• 16. SECTION 5 – 5.5.4.2.3 SKYLIGHT FENESTRATION AREA Total skylight area is either: • Minimum of 3% of roof area with a skylight VLT at least 0.40 OR • Such that the daylight area under skylights is a minimum of half the floor area and provides a minimum skylight effective aperture of at least 1% Exceptions • Climate zones 6-8 • Spaces with LPDs < 0.5 W/ft2 • Shaded spaces • Daylight area under rooftop monitors is > 50% of floor area • Documented that 90% of skylight area is shaded on June 21 (Northern Hemisphere)/December 21 (Southern Hemisphere) at noon by permanent features • Required daylight area under skylights may be reduced by amount of: • primary sidelighted area with sidelighting effective aperture > 0.15 • secondary sidelighted area with sidelighting effective aperture > 0.30 with general lighting controlled by continuous daylight dimming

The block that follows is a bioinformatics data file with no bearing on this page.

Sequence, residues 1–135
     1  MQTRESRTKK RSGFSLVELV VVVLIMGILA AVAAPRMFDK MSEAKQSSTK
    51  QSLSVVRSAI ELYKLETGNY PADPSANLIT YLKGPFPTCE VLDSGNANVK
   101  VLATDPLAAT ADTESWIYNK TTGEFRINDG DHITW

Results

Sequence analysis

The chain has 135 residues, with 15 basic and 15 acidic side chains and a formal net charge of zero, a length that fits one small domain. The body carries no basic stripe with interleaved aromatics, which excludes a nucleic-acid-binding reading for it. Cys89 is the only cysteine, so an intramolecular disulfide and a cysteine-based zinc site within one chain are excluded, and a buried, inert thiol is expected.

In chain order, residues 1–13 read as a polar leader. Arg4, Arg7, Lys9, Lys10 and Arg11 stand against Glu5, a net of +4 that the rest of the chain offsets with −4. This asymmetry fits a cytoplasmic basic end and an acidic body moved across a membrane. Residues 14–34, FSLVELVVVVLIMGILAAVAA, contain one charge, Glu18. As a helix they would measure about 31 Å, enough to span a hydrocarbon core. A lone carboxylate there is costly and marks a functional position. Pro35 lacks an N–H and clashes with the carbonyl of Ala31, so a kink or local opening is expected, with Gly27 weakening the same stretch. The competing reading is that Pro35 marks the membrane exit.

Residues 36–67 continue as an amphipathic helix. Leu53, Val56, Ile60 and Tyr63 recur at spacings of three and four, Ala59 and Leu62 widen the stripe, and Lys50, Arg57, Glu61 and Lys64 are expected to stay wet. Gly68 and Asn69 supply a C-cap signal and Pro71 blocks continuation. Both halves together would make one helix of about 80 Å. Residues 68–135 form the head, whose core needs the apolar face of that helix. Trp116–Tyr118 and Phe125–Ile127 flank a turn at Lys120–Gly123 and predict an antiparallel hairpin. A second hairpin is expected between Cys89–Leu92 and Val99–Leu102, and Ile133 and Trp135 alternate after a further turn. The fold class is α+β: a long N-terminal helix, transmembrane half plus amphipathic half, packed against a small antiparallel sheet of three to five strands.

• 17. SECTION 5 – 5.5.4.5 FENESTRATION ORIENTATION Vertical fenestration area to meet this requirement: Area South ≥ Area West and Area South ≥ Area East N No! Yes! Exceptions: • Buildings shaded by other buildings within 20 ft to the south which is at least ½ as tall as the proposed building • Buildings with shade on 75% of the west and east • Alterations and additions that don’t increase vertical fenestration area
  • 18. HVAC 1. Economizers required for > 4 ton RTU 2. Energy Recovery > 5000 CFM units
  • 19. SECTION 6 – 6.4.1.1 MINIMUM EQUIPMENT EFFICIENCY HVAC Equipment Covered            Air conditioners and condensing units Heat pumps (air, water, and ground source) Water-chilling packages (chillers) Packaged terminal and room air conditioners and heat pumps Furnaces, duct furnaces and unit heaters Boilers Heat rejection equipment (cooling towers) Heat transfer equipment (heat exchangers) Variable refrigerant flow (VRF) air conditioners VRF air-to-air and applied heat pumps Air conditioners serving computer rooms